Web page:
Murray Goulburn will consider debt funding of up to $100m to shore up the current farmgate price of $5.20kg milk solids (MS).
It’s long been a bug bear for Dairy News Australia that processors have not given their suppliers long-term security to grow in the form of multi-year fixed term contracts.
There is much subsequent hand-wringing about why the national milk pool isn’t growing.
Australian prices are linked to the global market – but the current situation isn’t working. There is clearly a better method than releasing opening milk prices at five minutes to midnight.
And clawing money back from farmers when companies are in error is unconscionable.
Companies talk about re-establishing trust but it’s just lip service if they don’t listen to what farmers have to say. The best businesses, those with a strong culture, know to take all stakeholders along with them, from the very first step.
Which is why processors need to listen to farmers now. The recent milk price cuts are forcing many farmers to consider their future in the industry, and as all processing business models rely on future milk growth, trust needs to be built. At the moment, it’s a rare commodity – as rare as strong governance, it would seem.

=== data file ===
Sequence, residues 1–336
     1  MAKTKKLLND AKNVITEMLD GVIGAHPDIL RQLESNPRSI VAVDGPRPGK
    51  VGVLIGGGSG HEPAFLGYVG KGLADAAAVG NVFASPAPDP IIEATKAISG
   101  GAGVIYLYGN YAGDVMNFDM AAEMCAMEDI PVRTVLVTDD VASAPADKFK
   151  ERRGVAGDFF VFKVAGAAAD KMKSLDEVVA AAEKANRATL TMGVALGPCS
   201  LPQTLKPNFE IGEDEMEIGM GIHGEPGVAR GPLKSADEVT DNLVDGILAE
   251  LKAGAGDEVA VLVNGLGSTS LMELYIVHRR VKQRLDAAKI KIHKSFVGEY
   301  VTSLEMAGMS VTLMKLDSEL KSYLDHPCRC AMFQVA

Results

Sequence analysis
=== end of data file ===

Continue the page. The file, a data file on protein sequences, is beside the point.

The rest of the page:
ADF acting president, David Basham, says all options are on the table, including future trading for farmers.
If these options are immediately dismissed, then we’re back where we were. If some processors are bold enough to change their payment structure, they may find more farmers are willing to join them.
ADF is funded largely by processors. Some farmers point to this as being in their pocket. If they did not receive this funding, detractors cry, they could rally against them and point more clearly to their problems.
However, there’s a strong argument for being inside the tent, peeing out, and in this case, ADF can use this relationship – and its position on the Australian Dairy Industry Council - to heavily promote these new options.
The current system is broken. There’s a strong argument that it was broken even before MG and Fonterra decided to claw back money from their suppliers.
All new ideas must be considered. If they’re not, then it’s Day 1 of Groundhog Day.